First Sunday in Lent A
Preached at Faith Lutheran Church, Three Lakes, WI.
Why do we need Lent?
When I was in high school, a boy and a girl in my circle of friends started dating. This happened all the time, but thought the pairing a bit strange. Thankfully, it didn’t last long. I remember sitting on the band room floor eating lunch with our friends, when the boy decided that it was time to go. He grabbed his girlfriend’s arm with enough force to make her cry out in a pain and insisted that it was time to leave.
Then there were two friends, also dating, with whom I had been close, until one day, I was talking with the girl in the hall in between classes, and her boyfriend walked up, slammed her locker shut, stood in between us, and ushered her away over her objections.
Today, we listened to the story of Adam and Eve, the first man and the first woman, and how they cursed all of humanity, their descendants, with the stain of sin. We need Lent because of this story.
You might think that we need Lent because in this story, Adam and Eve break God’s rules—it’s their fault.
You might think that we need Lent because in this story, humanity gives into temptation—we are bound to do the same.
You might think that we need Lent because in this story, humanity hides from and lies to God for the very first time—something we have become quite good at.
I would instead say that we need Lent, because this story, which is supposed to show us right from the beginning that we are a people who are not as we ought to be; that we are broken and in need of redemption; instead of that message, we have taken this story, and used it as justification for the most horrible, heinous, and vicious crimes.
For hundreds of years, this story “explained” why women were to be mistreated. It was interpreted to mean that Eve, a woman, caused Adam to sin. It was all her fault. And the man, given authority by God, had to make her pay.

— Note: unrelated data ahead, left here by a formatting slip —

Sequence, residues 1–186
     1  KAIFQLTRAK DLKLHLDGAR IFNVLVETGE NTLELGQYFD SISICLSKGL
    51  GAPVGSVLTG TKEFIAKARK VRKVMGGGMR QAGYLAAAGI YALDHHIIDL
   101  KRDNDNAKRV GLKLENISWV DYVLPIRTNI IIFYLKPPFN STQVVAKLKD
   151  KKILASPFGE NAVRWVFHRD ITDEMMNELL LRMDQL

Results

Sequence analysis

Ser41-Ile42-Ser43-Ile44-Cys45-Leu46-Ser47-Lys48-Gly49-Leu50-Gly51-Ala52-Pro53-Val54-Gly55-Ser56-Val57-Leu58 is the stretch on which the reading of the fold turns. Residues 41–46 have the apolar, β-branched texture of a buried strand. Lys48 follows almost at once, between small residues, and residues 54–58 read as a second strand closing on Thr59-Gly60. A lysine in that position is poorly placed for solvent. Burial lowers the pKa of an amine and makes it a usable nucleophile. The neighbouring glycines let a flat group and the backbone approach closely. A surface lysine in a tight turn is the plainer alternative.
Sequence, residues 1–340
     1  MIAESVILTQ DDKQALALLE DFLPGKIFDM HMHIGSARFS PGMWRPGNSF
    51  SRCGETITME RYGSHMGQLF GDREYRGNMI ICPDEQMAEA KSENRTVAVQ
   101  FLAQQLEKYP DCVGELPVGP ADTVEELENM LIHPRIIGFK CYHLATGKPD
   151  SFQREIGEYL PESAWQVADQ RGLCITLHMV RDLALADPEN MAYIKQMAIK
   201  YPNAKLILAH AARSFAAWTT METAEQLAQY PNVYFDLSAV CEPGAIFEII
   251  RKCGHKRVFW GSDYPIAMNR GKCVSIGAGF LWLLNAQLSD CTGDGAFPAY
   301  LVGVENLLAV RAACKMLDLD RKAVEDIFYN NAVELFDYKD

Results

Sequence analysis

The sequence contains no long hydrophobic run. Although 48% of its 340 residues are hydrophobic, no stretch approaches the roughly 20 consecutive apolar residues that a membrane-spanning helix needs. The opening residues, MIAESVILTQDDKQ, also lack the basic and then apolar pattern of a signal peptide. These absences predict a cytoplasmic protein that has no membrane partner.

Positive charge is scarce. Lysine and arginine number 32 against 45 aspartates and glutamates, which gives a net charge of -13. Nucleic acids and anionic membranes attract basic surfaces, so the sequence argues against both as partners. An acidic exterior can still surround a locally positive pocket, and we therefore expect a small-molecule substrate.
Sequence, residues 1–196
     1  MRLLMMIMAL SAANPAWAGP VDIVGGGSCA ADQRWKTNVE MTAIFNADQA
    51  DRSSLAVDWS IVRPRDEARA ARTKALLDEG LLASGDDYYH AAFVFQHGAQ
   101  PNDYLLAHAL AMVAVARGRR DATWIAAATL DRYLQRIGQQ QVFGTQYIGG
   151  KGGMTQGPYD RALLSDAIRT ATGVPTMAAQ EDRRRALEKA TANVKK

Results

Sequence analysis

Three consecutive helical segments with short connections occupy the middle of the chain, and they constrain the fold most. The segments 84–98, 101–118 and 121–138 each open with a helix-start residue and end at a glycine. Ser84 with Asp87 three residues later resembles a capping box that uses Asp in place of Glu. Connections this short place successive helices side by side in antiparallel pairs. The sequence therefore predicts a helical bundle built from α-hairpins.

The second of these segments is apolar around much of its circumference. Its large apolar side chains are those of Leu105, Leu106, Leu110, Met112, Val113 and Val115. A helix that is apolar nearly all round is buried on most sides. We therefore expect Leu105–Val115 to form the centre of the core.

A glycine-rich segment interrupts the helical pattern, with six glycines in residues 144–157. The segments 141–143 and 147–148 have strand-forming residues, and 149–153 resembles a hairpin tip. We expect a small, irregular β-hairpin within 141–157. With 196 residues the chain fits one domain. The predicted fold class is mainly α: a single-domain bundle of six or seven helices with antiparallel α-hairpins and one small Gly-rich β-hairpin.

Let me get this out of the way first, though. This is not an historical story. Do not take it literally. It is an etiological myth, a story written to explain why things are the way they are. That will make the rest of this much easier to understand.
I like to think we have come a long way from the days when women were legally the property of first their fathers and then their husbands. That we as a species no longer consider women to be objects instead of the people God created them.
But the truth is that we haven’t. We still blame Eve for our own problems and seek to take it out on women. By the way, read that story again, and you’ll find that Adam is standing there the whole time, perfectly complicit in everything that happens.
The true story of Adam and Eve, the true etiological myth, or explanation for why things are the way they are, is the story that humans have always craved power over one another. And we will exert that power any way we can, in the worst and most disgusting ways possible.
According to the National Sexual Violence Resource Center, 1 in 4 women will probably experience a sexual assault in their lifetime. 1 in 4 girls and 1 in 6 boys will be sexually assaulted by age 18. In 8 out of 10 cases, the rape victim knows their assailant. On average, every 3 minutes, 4 women are raped in the United States alone. Though we often refuse to believe that it is possible, an estimated 92,700 men are raped in the United States each year.
And we continue to justify it.
Samantha Field, writer of the blog Defeating the Dragons, has spent years reflecting on, admitting to, and finally sharing the fact that she was repeatedly raped by her fiancé at their ultra-fundamentalist Christian college. When she announced that she was going to be writing an article on the way the school grossly mishandled her rape and the rape of other girls, she received immediate and vocal backlash blaming her for what happened. According to them, if she had followed school policy, she would have been protected and would never have been in a situation where rape would have been possible. If only she had done this… if only she had done that… everything was her responsibility. It was her fault.
Her story is the same reason why only 16% of rapes are ever reported. When the first questions asked of a rape victim are, “What were you wearing?” “Were you drinking?” “Did you lead him on?” “Did you actually say no?”, is it any surprise that the abuse continues?